The growth of Tathra and the surrounding area is reflected in the physical evolution of the wharf. The Illawarra Company built the first cargo shed in 1866 and the wharf was enlarged six times between 1873 and 1912. The existing two-storey shed was constructed in 1907.
The absence of a railway line and poor roads made the steamer service to the far south coast crucial. The Princes Highway from Batemans Bay to the Victorian border was still gravel in 1940 and regular south coast shipping didn't disappear until 1956. There was a cafe on the wharf for decades, but it closed last year. What was once a hub of industry is now used almost solely by local anglers.
Mimosa Rocks National Park
The park lies between Tathra and Bermagui. Though accessible only by gravel roads, it's definitely worth the effort as the coastline is impressive, with beaches, caves, cliffs, rocky coves, massive offshore rock stacks, headlands, lagoons, coastal lakes and a heavily wooded hinterland with patches of temperate rainforest.
The park supports diverse bird life, including honeyeaters, lorikeets, wrens, thornbills, ducks, cormorants, great egrets, sea eagles, goshawks, crested terns, silver gulls, pied oystercatchers and hooded plovers. Bushwalkers can see sugar gliders, ring-tailed and brush-tailed possums, bandicoots, wallabies, echidnas and goannas.
The highlight of any trip to Mimosa Rocks is the Aragunnu midden, one of the most interesting and best presented Aboriginal sites on the coast (the turnoff is 24 kilometres from Tathra and 20 kilometres from Bermagui). A boardwalk passes the huge midden beside a freshwater creek and there's a lookout platform with views across a rocky beach to Mimosa Rocks.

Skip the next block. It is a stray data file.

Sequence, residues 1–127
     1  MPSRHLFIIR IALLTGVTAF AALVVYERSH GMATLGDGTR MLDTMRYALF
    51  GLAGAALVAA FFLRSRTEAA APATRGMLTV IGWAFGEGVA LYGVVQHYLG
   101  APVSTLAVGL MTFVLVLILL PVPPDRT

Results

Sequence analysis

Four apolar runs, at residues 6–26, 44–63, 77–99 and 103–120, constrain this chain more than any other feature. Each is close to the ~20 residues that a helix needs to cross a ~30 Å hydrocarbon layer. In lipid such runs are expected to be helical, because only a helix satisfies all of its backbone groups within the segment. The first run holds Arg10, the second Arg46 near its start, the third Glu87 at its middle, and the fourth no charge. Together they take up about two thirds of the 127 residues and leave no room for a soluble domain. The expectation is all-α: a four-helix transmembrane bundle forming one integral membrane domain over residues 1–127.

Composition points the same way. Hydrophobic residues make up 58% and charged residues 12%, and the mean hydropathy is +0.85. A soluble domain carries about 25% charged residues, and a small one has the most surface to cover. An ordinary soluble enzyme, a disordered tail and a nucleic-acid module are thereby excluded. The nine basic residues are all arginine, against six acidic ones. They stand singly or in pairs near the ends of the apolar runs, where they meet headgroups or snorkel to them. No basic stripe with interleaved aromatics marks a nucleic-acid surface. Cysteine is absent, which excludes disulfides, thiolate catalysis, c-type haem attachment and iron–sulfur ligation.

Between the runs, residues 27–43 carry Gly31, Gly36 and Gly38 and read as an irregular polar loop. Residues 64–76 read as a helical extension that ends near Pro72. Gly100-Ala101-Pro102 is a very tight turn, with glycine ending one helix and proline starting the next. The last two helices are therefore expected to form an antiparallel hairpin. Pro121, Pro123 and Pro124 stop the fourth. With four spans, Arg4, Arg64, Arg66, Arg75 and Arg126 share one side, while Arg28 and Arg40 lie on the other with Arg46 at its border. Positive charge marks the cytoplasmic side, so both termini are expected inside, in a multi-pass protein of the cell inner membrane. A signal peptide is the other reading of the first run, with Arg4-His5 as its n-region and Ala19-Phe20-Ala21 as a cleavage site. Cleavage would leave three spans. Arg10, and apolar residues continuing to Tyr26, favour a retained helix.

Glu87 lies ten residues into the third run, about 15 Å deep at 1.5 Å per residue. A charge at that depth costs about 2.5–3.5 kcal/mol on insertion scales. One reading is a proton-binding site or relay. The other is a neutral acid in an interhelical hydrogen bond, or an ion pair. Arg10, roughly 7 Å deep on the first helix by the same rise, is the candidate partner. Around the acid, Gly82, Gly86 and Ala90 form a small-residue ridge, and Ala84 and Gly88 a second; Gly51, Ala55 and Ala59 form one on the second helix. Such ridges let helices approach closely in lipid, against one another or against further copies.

The signage at the midden says it contains "the shells of the seafood that Aboriginal people ate over thousands of years. They showed the people what the last visitors ate and so helped in managing food resources. Middens could provide a well-drained area to camp in wet weather. They are also sometimes birthing places and burial places."
Stand on the boardwalk behind the midden and consider the idyllic life that indigenous people had before European settlement. There's an impressive view to Mimosa Rocks - the rock platforms would have been thick with crustaceans, the sea rich in marine life and behind was a freshwater stream. On a sunny day, Mimosa Rocks is as close to paradise as any place on the Australian coastline.
Bermagui and the Montreal Goldfield
Bermagui is an ideal place to enjoy fresh fish at one of its foreshore cafes. The town's most unusual attraction is Montreal Goldfield. Located seven kilometres north of Bermagui on the Wallaga Lake Road, it is the only goldfield in Australia that extends to the ocean.
Gold was discovered on the beach in September 1880, sparking a gold rush of miners, many of whom travelled from Sydney on cargo boats. A portion of the goldfield has been preserved as a community project and there is a tour by trained volunteer guides.
Tales of history, geology and an unsolved mystery stir the imagination as visitors wander the tree fern and bloodwood forest that covers the site today.
Bega is 425 kilometres, or about 5½ hours' drive, south of Sydney via the Princes Highway. It is 19 kilometres from Bega to Tathra on the Tathra Road.
The Bega Cheese Heritage Centre at 11-13 Lagoon Street is open 9am-5pm daily. Phone 6491 7762; see begacheese.com.au.
The Bega Pioneers' Museum is open Monday, Wednesday and Friday 10am-4pm and Saturday 10am-2pm. Entry $7.50 adults, $2 children; see thebegavalley.org.au/begapioneers museum.html.
Access to the Aragunnu Aboriginal midden can be difficult because it is not clearly signposted. Turn off the Tathra-Bermagui Road either 20 kilometres south of Bermagui or about 24 kilometres north of Tathra. Drive three kilometres along a gravel road and turn left at a T-intersection. About 600 metres from the intersection is a parking area. The midden and Mimosa Rocks are accessed by a well-signposted boardwalk.
Montreal Goldfield is seven kilometres north of Bermagui on the Wallaga Lake Road and can be visited by guided tour only. Tours leave at 2pm daily, take about 75 minutes and cost $5 a person. See montrealgoldfield.org.au.